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Marcellus Boom Sending Rockies Gas Packing

Eastern markets used to look like the Promised Land to Rockies producers. But surging production growth from the Marcellus Shale amounts to a "keep out" sign planted along the side of Kinder Morgan Energy Partners LP's (KMP) Rockies Express Pipeline (REX).

El Paso Corp.'s Ruby Pipeline and REX have linked "western and Northeast markets in a way that they were not linked historically," according to Bentek Energy LLC. "Since the beginning of November, Rockies Express pipeline deliveries have begun to show significant declines year-over-year as spreads to the East have collapsed," Bentek analysts said in a recent Market Alert.

Meanwhile, "...Ruby has lifted the Opal cash price and allowed Rockies shippers at Opal to swing to the best-priced market. While Ruby only increased westbound capacity, the resulting price strength at Opal has effectively tightened the spread to all its downstream demand markets, including the Northeast."

According to Bentek, more gas will remain in the West due to eastern supply growth and better price spreads going west. And that outlook is reflected in an assessment by U.S. Capital Advisors of the pending KMI-El Paso pairing (see Shale Daily, Oct. 25, 2011), including what divestitures might be necessary to satisfy regulators at the Federal Trade Commission.

With Kinder Morgan Inc.'s (KMI) pending acquisition of El Paso, Ruby and REX are slated to be corporate cousins, at least for awhile.

U.S. Cap analysts Becca Followill and James Carreker pointed out in a note Friday "just how big the Kinder Morgan family of companies will be in the pipeline space once the transaction closes." By the analysts' math, the consolidated KMI-El Paso would have a roughly 52% market share in the Rockies based on 2010 throughput figures for interstate pipelines and estimates for Ruby from regulatory filings last year. Clearly, some assets will have to be sold.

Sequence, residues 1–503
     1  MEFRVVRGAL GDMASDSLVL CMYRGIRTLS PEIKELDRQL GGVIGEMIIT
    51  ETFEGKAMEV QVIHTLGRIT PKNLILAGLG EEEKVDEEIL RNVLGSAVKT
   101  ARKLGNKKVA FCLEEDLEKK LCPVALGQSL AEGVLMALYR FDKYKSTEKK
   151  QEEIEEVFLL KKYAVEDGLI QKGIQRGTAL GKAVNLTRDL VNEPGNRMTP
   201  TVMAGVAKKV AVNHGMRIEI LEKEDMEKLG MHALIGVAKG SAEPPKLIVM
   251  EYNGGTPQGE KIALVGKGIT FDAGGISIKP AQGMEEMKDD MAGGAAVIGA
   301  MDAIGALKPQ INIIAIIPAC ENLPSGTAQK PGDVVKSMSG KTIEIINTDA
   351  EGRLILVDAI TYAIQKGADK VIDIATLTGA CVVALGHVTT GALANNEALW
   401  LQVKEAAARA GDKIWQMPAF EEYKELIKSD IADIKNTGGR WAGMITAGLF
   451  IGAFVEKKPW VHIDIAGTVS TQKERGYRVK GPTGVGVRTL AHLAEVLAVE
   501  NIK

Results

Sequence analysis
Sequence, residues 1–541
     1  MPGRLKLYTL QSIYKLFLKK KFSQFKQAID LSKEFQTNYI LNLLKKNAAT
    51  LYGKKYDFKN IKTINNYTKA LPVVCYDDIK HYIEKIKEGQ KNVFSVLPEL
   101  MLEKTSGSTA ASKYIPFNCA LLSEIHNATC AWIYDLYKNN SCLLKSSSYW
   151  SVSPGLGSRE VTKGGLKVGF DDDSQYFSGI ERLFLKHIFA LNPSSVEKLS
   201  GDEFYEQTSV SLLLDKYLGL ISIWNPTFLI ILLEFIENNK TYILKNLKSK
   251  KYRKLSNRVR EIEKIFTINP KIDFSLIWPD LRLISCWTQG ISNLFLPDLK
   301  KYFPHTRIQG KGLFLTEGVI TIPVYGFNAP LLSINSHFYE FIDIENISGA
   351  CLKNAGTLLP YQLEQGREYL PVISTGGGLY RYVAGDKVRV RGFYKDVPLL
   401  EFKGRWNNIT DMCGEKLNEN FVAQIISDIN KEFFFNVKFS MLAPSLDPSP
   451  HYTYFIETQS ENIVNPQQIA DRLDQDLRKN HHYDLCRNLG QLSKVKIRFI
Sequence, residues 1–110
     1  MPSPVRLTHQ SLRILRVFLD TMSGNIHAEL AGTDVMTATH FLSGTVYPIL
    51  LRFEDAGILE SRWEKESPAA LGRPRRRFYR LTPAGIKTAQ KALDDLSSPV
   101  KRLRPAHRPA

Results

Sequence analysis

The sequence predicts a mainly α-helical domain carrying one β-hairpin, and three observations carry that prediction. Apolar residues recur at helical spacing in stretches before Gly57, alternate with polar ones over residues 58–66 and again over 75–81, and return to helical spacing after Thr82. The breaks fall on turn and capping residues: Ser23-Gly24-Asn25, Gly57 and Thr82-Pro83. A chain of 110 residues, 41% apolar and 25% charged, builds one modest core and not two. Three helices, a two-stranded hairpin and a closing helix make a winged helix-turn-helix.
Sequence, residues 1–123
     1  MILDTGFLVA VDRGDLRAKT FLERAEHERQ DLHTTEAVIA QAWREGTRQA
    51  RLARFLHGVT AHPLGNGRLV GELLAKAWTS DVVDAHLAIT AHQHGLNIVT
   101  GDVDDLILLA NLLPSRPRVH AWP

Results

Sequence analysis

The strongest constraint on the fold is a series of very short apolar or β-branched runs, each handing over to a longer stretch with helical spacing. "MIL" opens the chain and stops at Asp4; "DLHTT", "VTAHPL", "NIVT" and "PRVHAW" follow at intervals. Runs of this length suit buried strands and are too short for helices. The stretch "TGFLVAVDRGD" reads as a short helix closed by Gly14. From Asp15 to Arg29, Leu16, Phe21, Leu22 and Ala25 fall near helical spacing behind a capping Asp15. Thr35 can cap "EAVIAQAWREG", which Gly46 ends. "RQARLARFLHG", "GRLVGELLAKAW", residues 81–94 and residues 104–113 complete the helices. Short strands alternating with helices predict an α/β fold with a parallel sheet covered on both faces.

"Selling El Paso's Ruby Pipeline (4.7% market share), El Paso's Cheyenne Plains (4.3%) and KMP's TransColorado Gas (2.7%) could get them" down to the low 40% area for market share, the analysts wrote. They predicted "a healthy appetite" among potential buyers such as CenterPoint Energy, TransCanada Corp., Boardwalk Pipeline Partners, Spectra Energy Partners, Williams and Sempra Energy.

And as for REX? "We don't see Rockies Express as a likely sales candidate given its below-market returns (2010 estimated return on equity of 3.2%) and the fact that ConocoPhillips was unable to find a buyer at the right price for their 25% share in 2010," U.S. Cap said.

According to U.S. Cap, net throughput on REX in 2010 was 412 Bcf, giving the pipeline 6.4% of the Rockies total. Based on data from 2011 filings at the Federal Energy Regulatory Commission, throughput on Ruby -- which entered service last July -- has been about 4.7% of the Rockies total at 300 Bcf.

"The combined sale of Ruby, Cheyenne Plains and either TransColorado or KM Interstate makes the most sense to us," U.S. Cap said. "Ruby and Cheyenne Plains (combined $2.2 billion rate base) are both owned by El Paso, so it's a cleaner transaction. Plus Ruby is a new pipeline, minimizing tax issues, and El Paso has already taken a writedown on the pipeline."

Meanwhile, supply growth in the East -- from the Marcellus and now Utica shales -- "will have a direct impact on western markets," according to Bentek. "Opal forms the hub that is at the center of this new East-to-West market corridor and will be influenced by supply and demand changes in both the East and the West."

Basis at Opal is predicted by Bentek to remain strong for the time being as the point is no longer capacity constrained, and "the pushback from the East will ensure that Ruby remains highly utilized for much of 2012 despite competition from Canadian and other supply sources for the PG&E citygate market," Bentek said.

Opal cash basis will be supported this year under normal or higher demand circumstances, the firm said. "Longer term, however, there is a threshold at which West capacity and demand constraints, combined with Rockies production growth, will pose downward risks to Opal basis," Bentek said.

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